Long-term Investing

Why markets are drowning in uncertainty

It's been a hot summer for some, with U.S. stock markets breaking out to fresh highs in July, and European investors debating whether to dip a toe in the water on the back of more European Central Bank (ECB) action. But as thunder clouds roll in, and after Wall Street suffered its worst week since mid 2012, a solo swim does not seem all that appealing.

Read MoreWorst weekly drop for S&P 500 in more than two years

Just as life guards warn not to swim in water you don't know, does the same apply to guardians of funds, as the markets they're being asked to trade look murky and unfamiliar?

Central banks haven't made decision-making any easier. Is the Federal Reserve still buoying asset prices to nurture recovery, or is it turning into a monster of the sea as it slows asset purchases and considers interest rate hikes?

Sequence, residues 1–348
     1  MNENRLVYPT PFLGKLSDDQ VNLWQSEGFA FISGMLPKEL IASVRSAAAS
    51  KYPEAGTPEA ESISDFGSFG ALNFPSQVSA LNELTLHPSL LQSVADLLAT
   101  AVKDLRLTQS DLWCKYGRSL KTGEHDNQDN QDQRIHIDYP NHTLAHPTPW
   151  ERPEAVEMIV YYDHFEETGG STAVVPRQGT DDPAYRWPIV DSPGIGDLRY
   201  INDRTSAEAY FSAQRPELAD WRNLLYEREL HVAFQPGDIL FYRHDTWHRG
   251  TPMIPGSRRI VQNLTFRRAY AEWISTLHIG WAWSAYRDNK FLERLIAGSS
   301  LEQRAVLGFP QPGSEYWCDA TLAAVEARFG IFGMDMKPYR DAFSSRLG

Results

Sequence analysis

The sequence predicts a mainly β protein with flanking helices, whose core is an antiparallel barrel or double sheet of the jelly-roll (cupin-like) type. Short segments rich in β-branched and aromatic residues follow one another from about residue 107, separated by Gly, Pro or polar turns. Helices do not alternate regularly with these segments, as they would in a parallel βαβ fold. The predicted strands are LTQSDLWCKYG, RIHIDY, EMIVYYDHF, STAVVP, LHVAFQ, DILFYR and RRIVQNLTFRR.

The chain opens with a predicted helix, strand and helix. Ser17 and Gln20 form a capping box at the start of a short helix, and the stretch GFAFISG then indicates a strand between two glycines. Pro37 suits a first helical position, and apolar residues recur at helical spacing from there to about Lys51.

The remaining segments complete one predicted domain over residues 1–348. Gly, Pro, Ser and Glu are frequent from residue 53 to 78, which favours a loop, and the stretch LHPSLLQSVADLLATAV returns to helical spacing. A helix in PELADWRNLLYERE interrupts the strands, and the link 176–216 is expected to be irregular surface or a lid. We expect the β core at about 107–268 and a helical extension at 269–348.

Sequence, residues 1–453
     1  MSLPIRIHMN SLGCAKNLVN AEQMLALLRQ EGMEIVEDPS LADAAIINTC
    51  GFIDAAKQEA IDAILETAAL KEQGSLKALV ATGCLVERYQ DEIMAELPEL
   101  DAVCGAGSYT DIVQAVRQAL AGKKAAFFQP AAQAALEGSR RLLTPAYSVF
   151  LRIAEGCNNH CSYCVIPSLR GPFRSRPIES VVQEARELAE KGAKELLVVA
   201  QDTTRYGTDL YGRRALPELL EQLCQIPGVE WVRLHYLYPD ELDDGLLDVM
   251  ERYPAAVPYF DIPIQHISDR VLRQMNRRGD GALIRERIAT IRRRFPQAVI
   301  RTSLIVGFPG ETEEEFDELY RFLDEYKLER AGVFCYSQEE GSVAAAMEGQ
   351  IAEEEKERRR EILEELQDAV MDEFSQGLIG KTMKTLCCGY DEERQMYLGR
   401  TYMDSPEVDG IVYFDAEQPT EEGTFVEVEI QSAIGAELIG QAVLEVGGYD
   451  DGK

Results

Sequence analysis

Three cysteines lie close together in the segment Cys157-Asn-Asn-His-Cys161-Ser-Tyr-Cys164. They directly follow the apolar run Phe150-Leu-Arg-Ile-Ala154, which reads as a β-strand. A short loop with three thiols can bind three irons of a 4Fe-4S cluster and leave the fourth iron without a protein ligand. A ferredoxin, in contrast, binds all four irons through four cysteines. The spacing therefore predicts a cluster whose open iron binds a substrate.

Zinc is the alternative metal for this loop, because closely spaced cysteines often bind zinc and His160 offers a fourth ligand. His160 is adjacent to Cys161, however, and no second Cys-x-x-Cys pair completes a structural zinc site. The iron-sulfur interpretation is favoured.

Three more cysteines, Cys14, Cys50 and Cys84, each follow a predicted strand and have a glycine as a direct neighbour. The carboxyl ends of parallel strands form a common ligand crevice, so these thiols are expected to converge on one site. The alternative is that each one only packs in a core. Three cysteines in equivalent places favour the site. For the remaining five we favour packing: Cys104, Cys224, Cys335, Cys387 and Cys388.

Historians know it is never a smooth ride as rates climb. "The number of times that the Federal Reserve has hiked interest rates without a negative economic or market impact has been exactly zero," said Lance Roberts of STA Wealth Management.

Short-term trading is no easier, based on musings from the boss of the Fed. Janet Yellen caused sweat on the brows of those long technology stocks when she warned that there is too much heat in social media stocks. But taking Yellen's advice would have meant missing an earnings-inspired spike in Facebook, Twitter and LinkedIn, perhaps one of the sauciest trading opportunities of the summer.

Gautam Batra of Signia Wealth accuses central banks of messing with the seasonals. He said we're still witnessing the usual market roll over. "It was just delayed after the ECB launched fresh stimulus."

The ECB's actions were welcomed initially, but the fresh liquidity has not been enough. Confidence about the pace of recovery is waning, particularly after the latest data cast a shadow over the summer. The inflation rate risks dragging Europe under, while PMIs for France, Italy, Germany, even the U.K. indicate a cooler breeze, as all faced choppier manufacturing conditions.

But perhaps geopolitics should take some of the blame. Ukraine, Russia and the Middle East have all had an impact on the confidence game.

Stocks ignoring geopolitics? That's nothing new

A string of firms, including Michelin, Societe Generale,